Simelane D.O.,Agricultural Research Council Plant Protection Research Institute | Simelane D.O.,University of Cape Town
Biological Control | Year: 2010

A root-feeding flea beetle, Longitarsus bethae Savini & Escalona (Chrysomelidae: Altcinae), was introduced into South Africa to complement the impact of the above-ground insect agents already established on Lantana camara L. (Verbenaceae). To estimate the potential effectiveness of L. bethae for biological control of L. camara, growth of various plant components were measured under different levels of abundance of the insect under quarantine glasshouse and semi-field conditions. Populations of L. bethae larvae that developed in previously-sterilized soil from initial cohorts of 200 and 300 eggs per plant significantly stunted the growth of L. camara, causing reductions in the number of leaves, stem height, stem diameter, above-ground dry-mass, and below-ground dry-mass, of up to 54%, 21%, 31%, 34% and 40%, respectively. Compared with the controls, the larval population resulting from an inoculum of 100 eggs per plant usually had no statistically significant effect on plant growth. The degree of root damage caused by the larvae was directly proportional to the number of eggs added and to the number of adults that emerged. Under semi-field conditions, cumulative herbivory by L. bethae adults and larvae during a six-month period caused severe leaf and root damage, resulting in a cumulative decline of 148% in flower production. Overall, the ability of L. bethae to both directly suppress root growth and indirectly suppress leaf production, stem growth and flower production of L. camara, indicates that this flea beetle has the potential to make a considerable impact on the weed's invasiveness in South Africa. © 2010 Elsevier Inc.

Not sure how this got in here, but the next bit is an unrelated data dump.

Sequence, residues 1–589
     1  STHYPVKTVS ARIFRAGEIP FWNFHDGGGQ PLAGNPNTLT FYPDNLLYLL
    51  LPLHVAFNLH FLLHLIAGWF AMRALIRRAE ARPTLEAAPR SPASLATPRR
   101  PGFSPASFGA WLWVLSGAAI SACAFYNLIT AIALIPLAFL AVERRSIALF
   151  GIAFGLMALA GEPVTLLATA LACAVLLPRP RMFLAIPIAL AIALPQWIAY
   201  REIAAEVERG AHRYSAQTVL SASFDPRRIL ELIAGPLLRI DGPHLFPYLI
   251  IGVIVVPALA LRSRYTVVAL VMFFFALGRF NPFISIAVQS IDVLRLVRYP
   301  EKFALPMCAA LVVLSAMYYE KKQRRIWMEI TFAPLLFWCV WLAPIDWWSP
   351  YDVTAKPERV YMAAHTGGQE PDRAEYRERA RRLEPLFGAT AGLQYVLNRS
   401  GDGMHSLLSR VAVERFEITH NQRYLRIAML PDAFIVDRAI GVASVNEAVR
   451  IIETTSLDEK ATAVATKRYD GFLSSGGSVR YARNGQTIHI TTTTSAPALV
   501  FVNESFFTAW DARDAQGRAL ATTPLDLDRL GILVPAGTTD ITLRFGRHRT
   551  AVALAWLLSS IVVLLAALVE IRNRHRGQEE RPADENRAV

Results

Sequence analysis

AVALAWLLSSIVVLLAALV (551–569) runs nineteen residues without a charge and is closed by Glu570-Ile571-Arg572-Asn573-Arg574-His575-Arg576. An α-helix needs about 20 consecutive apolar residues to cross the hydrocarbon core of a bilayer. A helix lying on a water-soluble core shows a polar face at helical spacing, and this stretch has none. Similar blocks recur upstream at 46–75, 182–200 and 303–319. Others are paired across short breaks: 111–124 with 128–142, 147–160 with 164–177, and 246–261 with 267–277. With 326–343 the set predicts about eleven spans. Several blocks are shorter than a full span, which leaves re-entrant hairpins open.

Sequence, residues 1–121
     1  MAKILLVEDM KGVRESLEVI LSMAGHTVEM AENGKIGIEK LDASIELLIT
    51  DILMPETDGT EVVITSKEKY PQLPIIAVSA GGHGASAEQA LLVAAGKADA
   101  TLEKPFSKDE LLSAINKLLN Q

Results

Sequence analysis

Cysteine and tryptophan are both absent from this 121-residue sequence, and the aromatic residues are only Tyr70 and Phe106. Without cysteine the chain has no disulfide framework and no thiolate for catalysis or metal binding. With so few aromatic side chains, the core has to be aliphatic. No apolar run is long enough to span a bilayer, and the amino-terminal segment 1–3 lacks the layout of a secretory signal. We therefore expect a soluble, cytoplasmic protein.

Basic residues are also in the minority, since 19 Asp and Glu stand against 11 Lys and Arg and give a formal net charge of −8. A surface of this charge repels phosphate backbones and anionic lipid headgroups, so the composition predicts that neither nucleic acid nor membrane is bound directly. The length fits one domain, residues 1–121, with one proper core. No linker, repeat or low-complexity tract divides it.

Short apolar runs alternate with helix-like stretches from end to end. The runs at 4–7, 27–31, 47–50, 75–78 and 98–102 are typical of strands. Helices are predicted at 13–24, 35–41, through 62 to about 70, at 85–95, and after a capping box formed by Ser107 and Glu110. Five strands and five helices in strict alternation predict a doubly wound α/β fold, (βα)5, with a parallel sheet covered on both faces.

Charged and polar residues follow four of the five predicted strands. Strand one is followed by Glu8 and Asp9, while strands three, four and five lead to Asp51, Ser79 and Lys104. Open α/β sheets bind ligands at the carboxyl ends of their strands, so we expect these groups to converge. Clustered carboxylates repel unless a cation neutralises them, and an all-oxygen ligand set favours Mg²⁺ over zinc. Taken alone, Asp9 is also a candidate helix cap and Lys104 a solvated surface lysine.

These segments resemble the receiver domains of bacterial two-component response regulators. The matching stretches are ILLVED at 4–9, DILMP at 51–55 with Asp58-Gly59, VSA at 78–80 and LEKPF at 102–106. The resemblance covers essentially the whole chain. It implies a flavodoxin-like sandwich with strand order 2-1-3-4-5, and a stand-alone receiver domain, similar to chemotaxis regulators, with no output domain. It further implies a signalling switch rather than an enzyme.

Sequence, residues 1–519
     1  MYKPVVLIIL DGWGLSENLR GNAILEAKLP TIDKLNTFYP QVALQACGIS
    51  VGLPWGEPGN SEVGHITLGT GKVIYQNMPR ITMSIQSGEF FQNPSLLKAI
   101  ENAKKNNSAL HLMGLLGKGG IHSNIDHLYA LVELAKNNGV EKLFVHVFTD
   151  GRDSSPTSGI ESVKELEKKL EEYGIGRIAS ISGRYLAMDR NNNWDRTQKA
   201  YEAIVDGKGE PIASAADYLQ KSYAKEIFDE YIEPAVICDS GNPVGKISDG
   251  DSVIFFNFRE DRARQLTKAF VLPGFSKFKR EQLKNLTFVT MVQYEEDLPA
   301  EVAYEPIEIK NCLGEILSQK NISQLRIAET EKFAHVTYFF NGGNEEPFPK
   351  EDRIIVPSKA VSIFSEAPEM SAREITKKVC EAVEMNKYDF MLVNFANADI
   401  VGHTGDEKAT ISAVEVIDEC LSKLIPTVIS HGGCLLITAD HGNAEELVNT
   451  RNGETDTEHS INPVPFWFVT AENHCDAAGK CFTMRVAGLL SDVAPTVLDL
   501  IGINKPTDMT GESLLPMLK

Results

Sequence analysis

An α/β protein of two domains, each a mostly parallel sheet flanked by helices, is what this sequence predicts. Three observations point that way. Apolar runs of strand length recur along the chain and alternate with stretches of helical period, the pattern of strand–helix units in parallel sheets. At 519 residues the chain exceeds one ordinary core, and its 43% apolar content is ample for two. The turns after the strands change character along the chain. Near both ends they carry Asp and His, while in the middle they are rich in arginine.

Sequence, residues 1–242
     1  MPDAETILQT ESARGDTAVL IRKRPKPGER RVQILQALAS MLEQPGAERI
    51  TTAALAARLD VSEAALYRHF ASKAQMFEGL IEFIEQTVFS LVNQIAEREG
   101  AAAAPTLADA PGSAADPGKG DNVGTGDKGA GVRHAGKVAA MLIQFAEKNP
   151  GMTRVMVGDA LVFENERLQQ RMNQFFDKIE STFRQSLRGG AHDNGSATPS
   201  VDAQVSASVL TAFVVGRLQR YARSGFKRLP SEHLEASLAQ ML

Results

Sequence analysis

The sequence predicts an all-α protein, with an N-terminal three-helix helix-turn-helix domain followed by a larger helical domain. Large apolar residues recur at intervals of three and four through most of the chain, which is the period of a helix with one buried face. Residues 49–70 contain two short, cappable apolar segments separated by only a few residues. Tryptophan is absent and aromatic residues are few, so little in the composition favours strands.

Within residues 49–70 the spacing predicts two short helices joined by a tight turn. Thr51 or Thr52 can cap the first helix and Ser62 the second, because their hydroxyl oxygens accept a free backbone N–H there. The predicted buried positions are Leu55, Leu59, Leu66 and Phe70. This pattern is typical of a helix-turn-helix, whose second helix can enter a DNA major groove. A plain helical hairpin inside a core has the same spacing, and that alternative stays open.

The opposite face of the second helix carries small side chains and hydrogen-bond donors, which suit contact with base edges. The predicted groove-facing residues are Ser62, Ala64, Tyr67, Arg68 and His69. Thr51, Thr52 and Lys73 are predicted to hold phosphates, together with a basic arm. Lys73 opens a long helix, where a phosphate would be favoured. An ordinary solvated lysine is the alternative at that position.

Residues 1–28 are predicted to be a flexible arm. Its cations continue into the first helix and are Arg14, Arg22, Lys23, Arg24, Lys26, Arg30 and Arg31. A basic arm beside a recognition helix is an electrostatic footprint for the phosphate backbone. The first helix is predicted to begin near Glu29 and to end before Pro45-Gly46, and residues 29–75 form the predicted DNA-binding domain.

Eardley C.,Agricultural Research Council Plant Protection Research Institute | Eardley C.,University of KwaZulu - Natal | Urban R.,Agricultural Research Council Plant Protection Research Institute
Zootaxa | Year: 2010